Canonical Launching "Switch to Ubuntu" Desktop Migration Services
Canonical on July 31 will launch a so-called “Switch to Ubuntu” initiative — including support and migration services — to help individuals and small businesses that are “seeking cost-effective alternatives” to Mac OS X and Windows-based desktops. Here’s the scoop and early analysis.
Mark Shuttleworth has certainly caught my attention with the imminent announcement. Now my big question: Will Canonical’s hardware partners (especially Dell) and channel partners lend a hand with the effort?
Let’s start with details of the forthcoming announcement. In a draft press release viewed by WorksWithU, Canonical says its Desktop Support Services include three offerings: Starter, Advanced and Professional:
- The Starter Desktop Service supports installation, set-up and basic functionality – such as Internet, creating documents and playing music and videos.
- The Advanced Desktop Service is for more experienced users who need help migrating files and settings from a previously used operating system or assistance with desktop publishing and personnel accounting.
- The Professional Desktop Service is for the business user who use Ubuntu as their main environment. Installation support ensures the Ubuntu machine is set up on the corporate network and integrated into existing IT services. The Professional Desktop Service also helps set up desktop virtualization and ongoing support provides professional users with quicker access to support personnel.
First, a little praise for Canonical: Now is exactly the right time to promote Ubuntu to individuals and small business owners. The reason: We’re nearing another PC market inflection point, where millions of uses will be forced to decide whether to hold tight to Windows XP or leap to Windows 7. Converting some of those users from Windows to Ubuntu sounds like a logical, timely strategy.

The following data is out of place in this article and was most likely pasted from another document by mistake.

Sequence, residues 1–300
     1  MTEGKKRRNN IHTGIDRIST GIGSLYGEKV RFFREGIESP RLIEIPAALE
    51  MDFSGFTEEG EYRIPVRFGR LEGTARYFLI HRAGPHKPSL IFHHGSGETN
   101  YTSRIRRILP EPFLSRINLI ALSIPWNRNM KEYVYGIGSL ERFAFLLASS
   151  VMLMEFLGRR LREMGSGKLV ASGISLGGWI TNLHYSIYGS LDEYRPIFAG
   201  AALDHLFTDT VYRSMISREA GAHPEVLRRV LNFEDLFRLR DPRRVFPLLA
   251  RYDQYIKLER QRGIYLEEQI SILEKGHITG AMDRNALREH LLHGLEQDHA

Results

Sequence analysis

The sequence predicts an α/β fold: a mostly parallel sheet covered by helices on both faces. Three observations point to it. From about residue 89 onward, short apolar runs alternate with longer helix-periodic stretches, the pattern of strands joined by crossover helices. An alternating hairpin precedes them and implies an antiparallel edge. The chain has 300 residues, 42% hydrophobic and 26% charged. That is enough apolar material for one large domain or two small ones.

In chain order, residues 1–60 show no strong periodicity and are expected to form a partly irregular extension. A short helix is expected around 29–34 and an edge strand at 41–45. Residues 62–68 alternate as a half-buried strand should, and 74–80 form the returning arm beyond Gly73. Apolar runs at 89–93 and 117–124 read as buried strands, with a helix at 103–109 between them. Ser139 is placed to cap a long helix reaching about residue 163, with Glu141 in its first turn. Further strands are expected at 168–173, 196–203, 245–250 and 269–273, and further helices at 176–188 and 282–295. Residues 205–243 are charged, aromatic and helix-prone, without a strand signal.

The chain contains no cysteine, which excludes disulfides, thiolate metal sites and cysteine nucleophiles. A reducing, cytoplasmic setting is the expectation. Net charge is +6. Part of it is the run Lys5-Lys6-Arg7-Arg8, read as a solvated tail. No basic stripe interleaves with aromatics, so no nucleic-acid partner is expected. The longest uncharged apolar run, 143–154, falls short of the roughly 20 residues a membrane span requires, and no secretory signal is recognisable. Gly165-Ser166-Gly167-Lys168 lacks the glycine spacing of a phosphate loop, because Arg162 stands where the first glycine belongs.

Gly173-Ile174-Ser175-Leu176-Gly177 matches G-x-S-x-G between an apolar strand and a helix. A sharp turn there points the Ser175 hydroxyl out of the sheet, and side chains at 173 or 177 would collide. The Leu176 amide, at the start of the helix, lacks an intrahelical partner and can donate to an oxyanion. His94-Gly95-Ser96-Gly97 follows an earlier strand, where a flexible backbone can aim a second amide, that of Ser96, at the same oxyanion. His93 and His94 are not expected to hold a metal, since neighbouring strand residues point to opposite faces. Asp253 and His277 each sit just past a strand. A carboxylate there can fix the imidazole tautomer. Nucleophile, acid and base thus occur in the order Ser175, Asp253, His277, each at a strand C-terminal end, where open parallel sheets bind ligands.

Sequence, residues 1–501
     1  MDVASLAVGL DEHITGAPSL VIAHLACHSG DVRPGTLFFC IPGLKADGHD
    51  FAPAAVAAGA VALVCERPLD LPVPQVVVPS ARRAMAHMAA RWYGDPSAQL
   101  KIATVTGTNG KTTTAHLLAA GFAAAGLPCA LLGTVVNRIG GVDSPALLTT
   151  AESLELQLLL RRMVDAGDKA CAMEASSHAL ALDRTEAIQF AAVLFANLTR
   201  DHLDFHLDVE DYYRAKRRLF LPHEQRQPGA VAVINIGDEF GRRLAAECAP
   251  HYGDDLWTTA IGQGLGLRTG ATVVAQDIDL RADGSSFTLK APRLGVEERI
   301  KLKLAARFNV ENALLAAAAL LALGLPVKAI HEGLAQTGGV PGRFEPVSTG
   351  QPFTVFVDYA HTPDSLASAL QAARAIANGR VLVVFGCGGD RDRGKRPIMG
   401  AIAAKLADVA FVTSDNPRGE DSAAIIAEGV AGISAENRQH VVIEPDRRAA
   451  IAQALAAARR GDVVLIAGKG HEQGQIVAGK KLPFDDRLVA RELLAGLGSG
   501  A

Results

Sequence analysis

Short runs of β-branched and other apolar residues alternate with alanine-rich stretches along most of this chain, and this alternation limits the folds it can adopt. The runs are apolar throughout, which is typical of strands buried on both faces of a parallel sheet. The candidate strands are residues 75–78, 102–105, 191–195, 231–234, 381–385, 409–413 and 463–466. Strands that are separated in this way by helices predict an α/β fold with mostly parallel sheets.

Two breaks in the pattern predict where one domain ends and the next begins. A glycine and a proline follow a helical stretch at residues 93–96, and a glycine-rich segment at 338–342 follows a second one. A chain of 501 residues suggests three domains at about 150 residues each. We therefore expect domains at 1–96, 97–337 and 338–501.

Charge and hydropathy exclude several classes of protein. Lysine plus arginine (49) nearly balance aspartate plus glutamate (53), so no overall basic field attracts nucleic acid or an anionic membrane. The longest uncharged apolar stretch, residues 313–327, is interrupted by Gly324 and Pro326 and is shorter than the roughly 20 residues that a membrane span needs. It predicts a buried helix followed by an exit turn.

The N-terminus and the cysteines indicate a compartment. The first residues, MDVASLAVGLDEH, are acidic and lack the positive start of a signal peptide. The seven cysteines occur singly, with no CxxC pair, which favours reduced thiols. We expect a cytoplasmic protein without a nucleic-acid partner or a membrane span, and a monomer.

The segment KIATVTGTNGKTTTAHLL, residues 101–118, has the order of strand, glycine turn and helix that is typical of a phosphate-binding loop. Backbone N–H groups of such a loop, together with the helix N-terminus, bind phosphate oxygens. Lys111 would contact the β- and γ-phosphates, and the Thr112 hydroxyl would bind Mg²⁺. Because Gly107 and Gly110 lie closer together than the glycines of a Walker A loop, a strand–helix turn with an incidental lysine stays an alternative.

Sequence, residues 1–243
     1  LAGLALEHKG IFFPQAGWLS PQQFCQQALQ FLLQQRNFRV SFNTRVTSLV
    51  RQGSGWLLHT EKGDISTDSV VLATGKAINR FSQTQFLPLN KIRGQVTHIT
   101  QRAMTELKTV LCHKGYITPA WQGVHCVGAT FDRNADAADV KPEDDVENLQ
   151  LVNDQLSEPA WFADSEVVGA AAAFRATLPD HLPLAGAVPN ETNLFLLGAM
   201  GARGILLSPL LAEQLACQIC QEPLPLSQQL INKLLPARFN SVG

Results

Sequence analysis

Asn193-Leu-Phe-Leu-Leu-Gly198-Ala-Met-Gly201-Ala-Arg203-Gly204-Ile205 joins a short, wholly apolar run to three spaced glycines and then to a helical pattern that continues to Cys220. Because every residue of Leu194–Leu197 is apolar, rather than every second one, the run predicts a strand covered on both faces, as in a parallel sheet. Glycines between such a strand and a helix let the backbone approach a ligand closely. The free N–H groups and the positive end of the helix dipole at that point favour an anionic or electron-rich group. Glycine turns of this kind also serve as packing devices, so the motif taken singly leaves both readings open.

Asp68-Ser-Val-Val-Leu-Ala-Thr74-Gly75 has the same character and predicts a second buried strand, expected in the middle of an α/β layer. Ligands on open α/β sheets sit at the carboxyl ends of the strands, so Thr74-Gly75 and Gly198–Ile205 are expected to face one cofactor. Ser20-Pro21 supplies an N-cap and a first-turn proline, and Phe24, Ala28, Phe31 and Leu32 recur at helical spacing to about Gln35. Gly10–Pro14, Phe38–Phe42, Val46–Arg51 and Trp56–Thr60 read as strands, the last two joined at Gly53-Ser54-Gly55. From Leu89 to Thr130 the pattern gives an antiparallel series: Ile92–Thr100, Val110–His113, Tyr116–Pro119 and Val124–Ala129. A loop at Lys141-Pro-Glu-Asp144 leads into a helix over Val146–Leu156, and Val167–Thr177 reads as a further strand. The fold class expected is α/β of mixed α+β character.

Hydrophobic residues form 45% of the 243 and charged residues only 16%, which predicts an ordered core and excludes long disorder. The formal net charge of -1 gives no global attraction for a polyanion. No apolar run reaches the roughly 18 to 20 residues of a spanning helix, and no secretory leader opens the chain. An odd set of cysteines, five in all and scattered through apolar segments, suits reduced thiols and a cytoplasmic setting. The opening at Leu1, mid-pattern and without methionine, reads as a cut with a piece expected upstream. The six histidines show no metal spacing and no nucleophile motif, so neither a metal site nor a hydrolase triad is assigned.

At the same time, Canonical is working closely with IBM and Virtual Bridges to promote virtual Ubuntu desktops (running on Linux servers) as an alternative to Windows. So far, so good.
But I’m skeptical of the Mac-to-Ubuntu pitch. I don’t hear from many Apple fans who are desperate for low-cost alternatives to well-designed Mac hardware and software. But perhaps I’m not listening closely enough to the Mac camp. Also, perhaps there are PC users who are mulling a move to the Mac — but would instead embrace Ubuntu if they knew more about it.
The Bigger Issues
Now for my bigger questions.
- Is Canonical really in a position to support mass consumer and small business migrations to Ubuntu? I could be wrong but I think you need an army of foot soldiers — like the Best Buy Geek Squad in the United States — to assist customers with on-site support.
- Will Canonical extend the support services business model out to channel partners? Certainly, VARs and resellers and PC suppliers would be valuable partners during this Ubuntu migration push.
I’ll be sure to ask Canonical a few of the questions above in the days ahead.
And Let’s Not Forget…
Meanwhile, Canonical could have two aces up its sleeve:
1. Landscape: The remote management tool for Ubuntu-based notebooks, desktops and servers. I could be wrong but I suspect Canonical plans to somehow leverage Landscape in this migration and support effort. In theory, Canonical’s support engineers could leverage Landscape to move quickly from one small business desktop project to the next.
2. Ubuntu Local Community Teams: Now is an ideal time for Canonical to mobilize the LoCos with key messaging about Ubuntu for individuals and small businesses. It’s a tricky situation, of course, since Canonical is trying to profit from the customer migrations. And the LoCos aren’t really designed for money-generating migrations. But perhaps there’s a way to get the LoCos driving new Ubuntu recruits in Canonical’s direction.
Lots of questions… Once Canonical “officially” launches the service, support and migration services on July 31, I’ll start looking for more answers.